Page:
First of all, the current accounting report did not reveal the real contribution made by Prestige Data Service to its parent company. According to the restriction of the state Public Service Commission, the average monthly charge for service by the subsidiary to the parent not exceed $82,000; therefore the intercompany work was only billed $400 per hour which was not on equal competitiveness with rivals in term of profits. If the subsidiary company charges $800 per hour as commercial sales, then the sales revenue and the contribution would largely enhance and make the company profitable compare to its current report.
Second, the quarterly report showed the total revenue hours of the Prestige Data Service consisted of approximate 61% of total hours, which meant that about 39% of the computer utilization hours is far under full utilization.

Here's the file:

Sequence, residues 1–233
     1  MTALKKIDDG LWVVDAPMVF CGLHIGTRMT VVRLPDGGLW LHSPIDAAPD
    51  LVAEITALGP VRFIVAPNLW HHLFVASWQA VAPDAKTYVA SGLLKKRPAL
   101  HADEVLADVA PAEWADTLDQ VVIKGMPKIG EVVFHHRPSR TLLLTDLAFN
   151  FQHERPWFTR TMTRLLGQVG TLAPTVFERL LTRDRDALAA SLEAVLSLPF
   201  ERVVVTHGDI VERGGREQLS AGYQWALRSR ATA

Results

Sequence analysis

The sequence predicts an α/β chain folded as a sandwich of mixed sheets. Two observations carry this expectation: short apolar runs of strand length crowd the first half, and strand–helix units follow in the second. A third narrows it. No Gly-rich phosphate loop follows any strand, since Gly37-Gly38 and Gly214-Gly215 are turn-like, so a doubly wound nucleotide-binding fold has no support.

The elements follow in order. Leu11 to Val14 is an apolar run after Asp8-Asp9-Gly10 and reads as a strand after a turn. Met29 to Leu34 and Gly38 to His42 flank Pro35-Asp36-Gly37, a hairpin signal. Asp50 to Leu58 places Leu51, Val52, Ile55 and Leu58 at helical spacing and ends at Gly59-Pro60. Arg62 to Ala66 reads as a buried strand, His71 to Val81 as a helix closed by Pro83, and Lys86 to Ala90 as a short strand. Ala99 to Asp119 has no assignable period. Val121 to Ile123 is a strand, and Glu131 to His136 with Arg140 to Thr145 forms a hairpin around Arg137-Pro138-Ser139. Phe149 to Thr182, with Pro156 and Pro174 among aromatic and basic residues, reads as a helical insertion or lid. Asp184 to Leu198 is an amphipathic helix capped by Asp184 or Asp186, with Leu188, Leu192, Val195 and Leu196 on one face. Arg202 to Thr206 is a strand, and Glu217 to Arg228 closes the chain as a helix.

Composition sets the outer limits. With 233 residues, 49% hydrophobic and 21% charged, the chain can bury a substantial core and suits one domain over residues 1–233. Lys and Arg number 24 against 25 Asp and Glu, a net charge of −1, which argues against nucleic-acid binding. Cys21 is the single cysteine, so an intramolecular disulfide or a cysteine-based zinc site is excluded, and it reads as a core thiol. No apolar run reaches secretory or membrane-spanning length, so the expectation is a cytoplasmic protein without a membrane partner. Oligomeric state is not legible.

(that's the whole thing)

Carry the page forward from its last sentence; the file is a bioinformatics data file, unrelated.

Furthermore, the costing approaches seemed not fair to subsidiary company according to its quarterly report. For example, the Prestige Data Services paid Prestige Telephone the corporate service based on wages and salaries each month. Those service were done by parent company personnel, it should be charged as monthly wages but a per hour expenses. Moreover, a charge for custodial service was paid by Data Service which should be an opportunity cost of parent company.
In addition, the Data Service confronted other problems as high fixed costs including high salary for personnel than expected, low return on investment and fewer customers than expected. Those problems would mean that both the subsidiary and parent company should review its current business strategy, especially the costing to reach the profitability.